India seeks to re-set ties with Dhaka  

China, Afghanistan, Iran -- all countries want to maintain good relations with Dhaka. Everyone understands the geo-strategic importance of this small South Asian country

 India seeks to re-set ties with Dhaka  

Jayanta Ghosal/IANS

When Sheikh Hasina visited Delhi, some of us called on her at the Bangladesh High Commission. Envoys from other countries also came and congratulated her, among them Pakistan’s then Deputy High Commissioner Syed Haider Shah, who told Sheikh Hasina that Prime Minister Imran Khan had conveyed his best wishes. Imran Khan had already spoken to her over the phone for about 15 minutes before she left Dhaka.

So, what’s the big deal, one might ask. Isn’t this all part of routine diplomatic engagement?

Indian officer in Delhi however found the development disturbing. “Did you know that Sheikh Hasina was invited by Imran Khan to Islamabad?” Extending such an invitation was routine and part of diplomatic courtesy, I argued. He remained unconvinced.

Strategic relations are changing. In 1971, Bangladesh was formed after it fought its Liberation War against the Pakistan army. But that’s already history. Virtually half a century have gone by since then. And Pakistan and Bangladesh seem eager to normalise relations and move on. Should Indian sensibilities and the fact that Indo-Pak relations have again touched rock bottom matter more to Bangladesh?

China, Afghanistan, Iran -- all countries want to maintain good relations with Dhaka. Everyone understands the geo-strategic importance of this small South Asian country. That Pakistan and Russia too will seek good relations and trade relations with Bangladesh should not come as a surprise therefore.

India for once is doing a smart thing by sending Vikram Doraiswami to Dhaka as the High Commissioner. It may have something to do with Foreign Secretary Harsh Vardhan Shringla’s own stint as the High Commissioner in Dhaka. He was pro-active and his stint had helped enhance the importance of the Indian High Commission there. Shringla had also been a Joint Secretary in charge of Bangladesh and knows the country well. His understanding of Bangladesh is also better because he is from Darjeeling in West Bengal.

Vikram Doraiswamy(45), although a Tamilian, can speak a little Bengali. It is because his mother-in-law is from Bengal and his wife is comfortable speaking in Bengali. From the 1992 batch of the IFS, he was India’s High Commissioner in Afghanistan and was in charge of various international organizations and summits. He also served as a secretary to Dr Manmohan Singh on the Race Course Road, in keeping with the tradition of deputing a young officer as personal secretary to the PM.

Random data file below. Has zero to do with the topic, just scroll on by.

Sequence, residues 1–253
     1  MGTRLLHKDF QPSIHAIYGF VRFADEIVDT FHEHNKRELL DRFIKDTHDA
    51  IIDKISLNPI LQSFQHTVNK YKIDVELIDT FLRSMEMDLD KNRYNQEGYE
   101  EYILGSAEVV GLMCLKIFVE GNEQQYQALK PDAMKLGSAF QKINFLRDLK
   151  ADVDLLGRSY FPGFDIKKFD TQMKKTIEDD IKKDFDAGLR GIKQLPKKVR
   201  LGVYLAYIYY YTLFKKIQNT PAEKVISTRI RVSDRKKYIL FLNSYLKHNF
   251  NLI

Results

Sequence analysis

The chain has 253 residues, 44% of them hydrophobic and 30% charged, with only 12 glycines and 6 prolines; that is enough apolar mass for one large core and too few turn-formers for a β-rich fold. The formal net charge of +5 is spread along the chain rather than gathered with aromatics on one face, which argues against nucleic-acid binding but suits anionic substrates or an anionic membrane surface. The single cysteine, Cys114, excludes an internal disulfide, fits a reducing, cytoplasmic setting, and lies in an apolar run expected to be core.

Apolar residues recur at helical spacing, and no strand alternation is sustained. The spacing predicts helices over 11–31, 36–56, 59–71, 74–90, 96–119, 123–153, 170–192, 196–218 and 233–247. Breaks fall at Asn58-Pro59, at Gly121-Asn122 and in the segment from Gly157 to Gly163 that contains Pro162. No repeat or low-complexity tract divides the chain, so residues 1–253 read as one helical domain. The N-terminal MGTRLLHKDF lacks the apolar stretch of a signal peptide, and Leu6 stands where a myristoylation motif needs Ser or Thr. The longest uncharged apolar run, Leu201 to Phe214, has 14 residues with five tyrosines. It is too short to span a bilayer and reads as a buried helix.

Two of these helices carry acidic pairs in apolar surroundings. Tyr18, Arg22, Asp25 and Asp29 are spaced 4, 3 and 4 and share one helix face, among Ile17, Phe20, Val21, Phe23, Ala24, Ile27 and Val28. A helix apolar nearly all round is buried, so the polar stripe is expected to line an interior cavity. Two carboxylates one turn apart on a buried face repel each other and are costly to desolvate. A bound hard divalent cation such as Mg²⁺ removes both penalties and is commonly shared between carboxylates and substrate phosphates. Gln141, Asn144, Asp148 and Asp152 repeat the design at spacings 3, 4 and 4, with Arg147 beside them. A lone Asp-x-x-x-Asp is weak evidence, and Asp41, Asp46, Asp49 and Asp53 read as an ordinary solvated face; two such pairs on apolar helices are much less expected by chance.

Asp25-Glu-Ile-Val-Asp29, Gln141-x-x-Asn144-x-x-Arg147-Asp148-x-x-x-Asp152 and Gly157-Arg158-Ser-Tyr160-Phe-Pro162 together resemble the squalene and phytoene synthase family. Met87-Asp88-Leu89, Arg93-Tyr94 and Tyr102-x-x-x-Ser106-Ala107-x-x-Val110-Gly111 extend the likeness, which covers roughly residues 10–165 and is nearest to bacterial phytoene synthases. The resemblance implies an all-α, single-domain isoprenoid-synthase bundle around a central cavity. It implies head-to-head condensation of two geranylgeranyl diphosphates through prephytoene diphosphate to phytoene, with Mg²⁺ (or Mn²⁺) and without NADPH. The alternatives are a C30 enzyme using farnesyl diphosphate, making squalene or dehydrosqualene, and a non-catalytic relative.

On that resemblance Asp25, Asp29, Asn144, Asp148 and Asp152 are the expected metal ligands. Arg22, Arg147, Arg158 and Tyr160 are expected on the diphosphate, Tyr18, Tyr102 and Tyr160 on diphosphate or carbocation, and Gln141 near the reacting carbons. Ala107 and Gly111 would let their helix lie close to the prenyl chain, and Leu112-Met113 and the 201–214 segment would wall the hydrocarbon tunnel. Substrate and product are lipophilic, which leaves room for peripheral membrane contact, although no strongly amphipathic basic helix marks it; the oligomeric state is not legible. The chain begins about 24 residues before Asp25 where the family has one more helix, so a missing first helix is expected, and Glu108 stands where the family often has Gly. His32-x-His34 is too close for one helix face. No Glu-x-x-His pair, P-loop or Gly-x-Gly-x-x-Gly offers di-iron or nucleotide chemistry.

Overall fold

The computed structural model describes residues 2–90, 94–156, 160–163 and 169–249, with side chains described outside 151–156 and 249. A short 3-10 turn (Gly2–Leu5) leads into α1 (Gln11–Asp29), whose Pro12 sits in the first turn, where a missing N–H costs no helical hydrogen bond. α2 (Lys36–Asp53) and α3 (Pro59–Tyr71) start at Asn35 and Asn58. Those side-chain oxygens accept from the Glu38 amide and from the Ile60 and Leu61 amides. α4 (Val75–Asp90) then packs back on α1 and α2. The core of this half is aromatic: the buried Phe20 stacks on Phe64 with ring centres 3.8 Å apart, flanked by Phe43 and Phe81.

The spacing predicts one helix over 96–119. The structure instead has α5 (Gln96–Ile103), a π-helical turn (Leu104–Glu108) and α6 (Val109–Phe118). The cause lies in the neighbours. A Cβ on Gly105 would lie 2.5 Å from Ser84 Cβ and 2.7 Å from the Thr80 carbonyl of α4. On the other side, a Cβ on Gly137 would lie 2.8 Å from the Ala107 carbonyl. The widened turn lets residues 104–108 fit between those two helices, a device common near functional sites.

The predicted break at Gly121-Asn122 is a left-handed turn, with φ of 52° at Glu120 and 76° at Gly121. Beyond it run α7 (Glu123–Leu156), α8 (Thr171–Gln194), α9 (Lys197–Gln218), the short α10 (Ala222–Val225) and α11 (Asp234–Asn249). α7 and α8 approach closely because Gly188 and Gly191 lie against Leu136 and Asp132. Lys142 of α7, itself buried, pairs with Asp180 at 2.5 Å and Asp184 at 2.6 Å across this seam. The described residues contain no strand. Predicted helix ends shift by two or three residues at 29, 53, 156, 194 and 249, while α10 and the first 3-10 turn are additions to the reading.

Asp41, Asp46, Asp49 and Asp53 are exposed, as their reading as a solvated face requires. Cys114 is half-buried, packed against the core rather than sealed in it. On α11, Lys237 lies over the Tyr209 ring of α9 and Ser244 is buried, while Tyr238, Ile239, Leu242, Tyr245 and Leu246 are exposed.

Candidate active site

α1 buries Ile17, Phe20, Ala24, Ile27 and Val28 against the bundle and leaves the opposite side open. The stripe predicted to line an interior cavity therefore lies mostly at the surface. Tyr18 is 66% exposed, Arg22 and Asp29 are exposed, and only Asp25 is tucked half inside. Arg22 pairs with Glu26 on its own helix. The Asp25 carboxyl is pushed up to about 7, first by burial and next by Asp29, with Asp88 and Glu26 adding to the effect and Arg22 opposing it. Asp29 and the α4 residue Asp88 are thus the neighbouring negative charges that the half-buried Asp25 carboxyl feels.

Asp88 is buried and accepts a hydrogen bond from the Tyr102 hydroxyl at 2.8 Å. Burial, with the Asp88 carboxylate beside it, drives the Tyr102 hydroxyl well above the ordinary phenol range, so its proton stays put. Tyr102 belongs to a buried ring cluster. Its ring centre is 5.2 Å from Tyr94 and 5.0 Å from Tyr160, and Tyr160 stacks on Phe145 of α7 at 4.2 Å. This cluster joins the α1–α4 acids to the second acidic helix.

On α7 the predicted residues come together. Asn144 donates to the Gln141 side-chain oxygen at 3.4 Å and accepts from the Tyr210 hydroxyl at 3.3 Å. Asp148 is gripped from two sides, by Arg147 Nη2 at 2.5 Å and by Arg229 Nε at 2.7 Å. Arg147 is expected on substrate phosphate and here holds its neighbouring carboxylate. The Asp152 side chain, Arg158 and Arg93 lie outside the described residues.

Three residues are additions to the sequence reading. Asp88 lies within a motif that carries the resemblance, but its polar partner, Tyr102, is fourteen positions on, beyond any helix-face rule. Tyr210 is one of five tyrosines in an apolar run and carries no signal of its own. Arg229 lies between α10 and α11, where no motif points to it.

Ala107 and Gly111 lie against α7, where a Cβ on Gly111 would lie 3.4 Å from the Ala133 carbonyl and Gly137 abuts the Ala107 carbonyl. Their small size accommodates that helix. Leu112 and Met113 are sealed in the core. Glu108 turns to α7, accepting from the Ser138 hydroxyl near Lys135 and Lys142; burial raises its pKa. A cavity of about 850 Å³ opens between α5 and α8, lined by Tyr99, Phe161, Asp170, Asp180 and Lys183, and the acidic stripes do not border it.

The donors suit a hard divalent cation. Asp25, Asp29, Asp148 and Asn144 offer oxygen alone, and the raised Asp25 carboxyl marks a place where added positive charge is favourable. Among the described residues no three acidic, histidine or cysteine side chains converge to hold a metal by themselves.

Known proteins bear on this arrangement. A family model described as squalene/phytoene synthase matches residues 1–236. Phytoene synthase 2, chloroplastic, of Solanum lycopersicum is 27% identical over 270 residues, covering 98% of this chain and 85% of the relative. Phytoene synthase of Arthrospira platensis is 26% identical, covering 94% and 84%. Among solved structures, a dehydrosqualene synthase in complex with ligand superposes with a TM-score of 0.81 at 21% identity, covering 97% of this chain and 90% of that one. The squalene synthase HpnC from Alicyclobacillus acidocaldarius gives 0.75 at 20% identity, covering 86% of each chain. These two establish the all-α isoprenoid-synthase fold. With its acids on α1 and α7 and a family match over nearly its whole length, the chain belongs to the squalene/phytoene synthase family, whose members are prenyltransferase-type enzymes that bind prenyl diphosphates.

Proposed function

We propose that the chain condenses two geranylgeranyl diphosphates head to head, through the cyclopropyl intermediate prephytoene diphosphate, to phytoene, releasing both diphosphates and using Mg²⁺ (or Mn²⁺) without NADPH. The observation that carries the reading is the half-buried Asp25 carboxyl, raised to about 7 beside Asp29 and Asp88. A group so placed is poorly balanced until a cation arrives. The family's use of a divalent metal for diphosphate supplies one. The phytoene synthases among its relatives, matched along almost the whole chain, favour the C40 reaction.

Brajesh Mishra, Principal Secretary to Atal Bihari Vajpayee and National Security Advisor, introduced the practice of appointing two personal secretaries to the Prime Minister. One, an IAS officer who would focus on the country’s internal affairs, and maintain the channels of contact between the Cabinet, Chief Ministers and governors and the Prime Minister. The other, an IFS Officer. He would be the Prime Minister’s liaison officer with foreign ministers and all other statesmen in the world. Manmohan Singh continued with the practice.

Doraiswamy, who studied History at Delhi University, was also a journalist. After his training ended in 1994, he went to Hong Kong and learnt Mandarin. In 1996, he went to Beijing. He worked there for four years. Vikram became the Deputy Chief of Protocol in Delhi. Then, in New York, he became a Political Counselor in Indian Permanent High Commission to the United Nations. Later, in South Africa’s Johannesburg he became the Consul General. After coming to Delhi, Vikram was in charge of SAARC for several years. In 2012, he was in charge of managing the BRICS summit.

Another plus point in his favour is that he is said to enjoy the confidence of both Foreign Minister S. Jaishankar and Foreign Secretary Shringla. Another advantage is that Sheikh Hasina also knows him well.

Earlier this year, Shringla took part in a programme in Dhaka. There he publicly said that the Indian government was engaging with Myanmar to create a favourable environment for the return of Rohingyas from Bangladesh. Quoting poet Nazrul Islam, he said: let’s divide ecstasy and misery equally, because in the era of globalisation, happiness and sorrow recognise no boundaries and appear at every door in the same way.”


(Jayanta Ghosal is a senior Delhi based journalist. The views expressed are personal)

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